There are also many women who choose not to do a total career change, but do a side shift instead. Claire Bigelow from Rockwell Creative is one of those women. Claire has been in the education and image industry for more than 20 years. Her passion is to “determine the right combination of aesthetic solutions to complement [women’s] appearance and express their individuality.” Yet, she has the challenge of having a fulltime job and establishing her business. Claire recognises that “juggling work, children and starting a business has its challenges–but even more so, deciding which exciting project to dive into first”.
All three entrepreneurs have combined image, passion and determination to suit their lifestyle and needs. All three women are passionate about making their mark in business. Like most women they face challenges and obstacles that at times it can be disheartening. When asked for tips to help other women make their mark in the business world they stated:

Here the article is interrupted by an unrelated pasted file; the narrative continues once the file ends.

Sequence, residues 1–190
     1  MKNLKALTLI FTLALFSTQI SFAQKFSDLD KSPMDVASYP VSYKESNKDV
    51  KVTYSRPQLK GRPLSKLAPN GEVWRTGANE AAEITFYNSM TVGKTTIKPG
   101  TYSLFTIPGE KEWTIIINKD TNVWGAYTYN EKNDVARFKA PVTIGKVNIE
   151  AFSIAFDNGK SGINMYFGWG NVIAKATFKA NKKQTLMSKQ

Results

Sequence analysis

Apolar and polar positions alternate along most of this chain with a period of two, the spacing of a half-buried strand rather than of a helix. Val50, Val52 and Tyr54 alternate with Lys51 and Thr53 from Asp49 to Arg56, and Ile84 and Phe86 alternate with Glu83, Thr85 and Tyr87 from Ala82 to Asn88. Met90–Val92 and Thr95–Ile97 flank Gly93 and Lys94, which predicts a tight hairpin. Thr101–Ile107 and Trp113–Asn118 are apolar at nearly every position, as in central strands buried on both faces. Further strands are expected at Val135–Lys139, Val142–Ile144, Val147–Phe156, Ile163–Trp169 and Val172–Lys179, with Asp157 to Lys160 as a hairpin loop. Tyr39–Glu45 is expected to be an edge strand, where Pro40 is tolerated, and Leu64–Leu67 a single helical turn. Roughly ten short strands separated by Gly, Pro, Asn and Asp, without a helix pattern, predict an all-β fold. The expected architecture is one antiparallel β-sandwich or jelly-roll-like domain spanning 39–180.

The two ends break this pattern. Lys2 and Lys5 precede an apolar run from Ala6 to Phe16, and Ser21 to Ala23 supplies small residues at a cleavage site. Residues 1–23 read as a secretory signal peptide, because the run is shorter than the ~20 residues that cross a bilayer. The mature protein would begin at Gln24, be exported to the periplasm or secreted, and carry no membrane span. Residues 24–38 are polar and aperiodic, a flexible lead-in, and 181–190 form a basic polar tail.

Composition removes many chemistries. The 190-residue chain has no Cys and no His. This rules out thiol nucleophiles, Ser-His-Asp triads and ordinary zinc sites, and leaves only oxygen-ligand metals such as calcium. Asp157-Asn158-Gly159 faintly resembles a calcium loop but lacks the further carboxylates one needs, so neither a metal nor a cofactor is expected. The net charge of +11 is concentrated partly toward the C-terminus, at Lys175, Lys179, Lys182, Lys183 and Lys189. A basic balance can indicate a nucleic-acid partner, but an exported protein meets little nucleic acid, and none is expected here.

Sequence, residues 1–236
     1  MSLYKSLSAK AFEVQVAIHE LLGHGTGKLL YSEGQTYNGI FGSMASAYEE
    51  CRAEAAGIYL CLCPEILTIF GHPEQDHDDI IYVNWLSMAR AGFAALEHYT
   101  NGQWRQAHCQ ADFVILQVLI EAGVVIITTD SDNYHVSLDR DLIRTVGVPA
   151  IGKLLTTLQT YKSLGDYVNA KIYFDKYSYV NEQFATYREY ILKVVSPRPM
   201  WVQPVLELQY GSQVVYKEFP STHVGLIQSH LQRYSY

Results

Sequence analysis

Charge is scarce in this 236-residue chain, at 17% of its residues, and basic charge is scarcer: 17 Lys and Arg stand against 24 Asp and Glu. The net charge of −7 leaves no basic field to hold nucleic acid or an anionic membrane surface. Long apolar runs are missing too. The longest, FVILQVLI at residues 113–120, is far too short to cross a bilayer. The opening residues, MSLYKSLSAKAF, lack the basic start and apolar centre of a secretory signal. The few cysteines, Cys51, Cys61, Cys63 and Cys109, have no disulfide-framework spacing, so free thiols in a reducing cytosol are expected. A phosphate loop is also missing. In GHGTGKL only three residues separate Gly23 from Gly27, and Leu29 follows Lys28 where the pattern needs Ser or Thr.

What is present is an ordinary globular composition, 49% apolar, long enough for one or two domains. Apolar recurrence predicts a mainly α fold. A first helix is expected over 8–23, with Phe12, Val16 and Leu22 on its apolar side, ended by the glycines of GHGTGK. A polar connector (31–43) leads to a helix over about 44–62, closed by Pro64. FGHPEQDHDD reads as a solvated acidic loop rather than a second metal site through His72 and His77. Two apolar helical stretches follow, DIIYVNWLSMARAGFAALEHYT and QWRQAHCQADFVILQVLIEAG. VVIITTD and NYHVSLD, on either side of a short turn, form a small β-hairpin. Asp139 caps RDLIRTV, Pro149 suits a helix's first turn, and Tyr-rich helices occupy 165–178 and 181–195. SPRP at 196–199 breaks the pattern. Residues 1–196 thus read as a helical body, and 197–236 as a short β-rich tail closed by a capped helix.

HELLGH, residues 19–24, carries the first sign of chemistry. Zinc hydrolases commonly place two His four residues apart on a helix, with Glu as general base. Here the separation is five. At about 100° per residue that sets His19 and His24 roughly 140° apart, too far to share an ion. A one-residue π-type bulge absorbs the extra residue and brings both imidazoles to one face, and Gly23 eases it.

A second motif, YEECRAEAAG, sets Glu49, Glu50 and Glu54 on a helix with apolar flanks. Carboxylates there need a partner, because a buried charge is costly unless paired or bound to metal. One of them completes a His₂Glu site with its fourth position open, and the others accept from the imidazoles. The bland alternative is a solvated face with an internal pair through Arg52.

There is no such thing as perfection – just aim to do your best.
- Dress the part – Businesswomen need to portray the right image to create that first impression. Always check the dress code of the company you work for or your customers you are serving and dress accordingly.
- ‘Phony syndrome’ – Women tend to doubt their skills and live in fear in case they are found out they are not good enough. Be confident because you wouldn’t be there in the first place if you were not good at what you do and offer.
- Delegation – Women are naturally nurturing, however they tend to be perfectionists and hesitate to delegate. Avoid being a control freak. There is no such thing as perfection – just aim to do your best.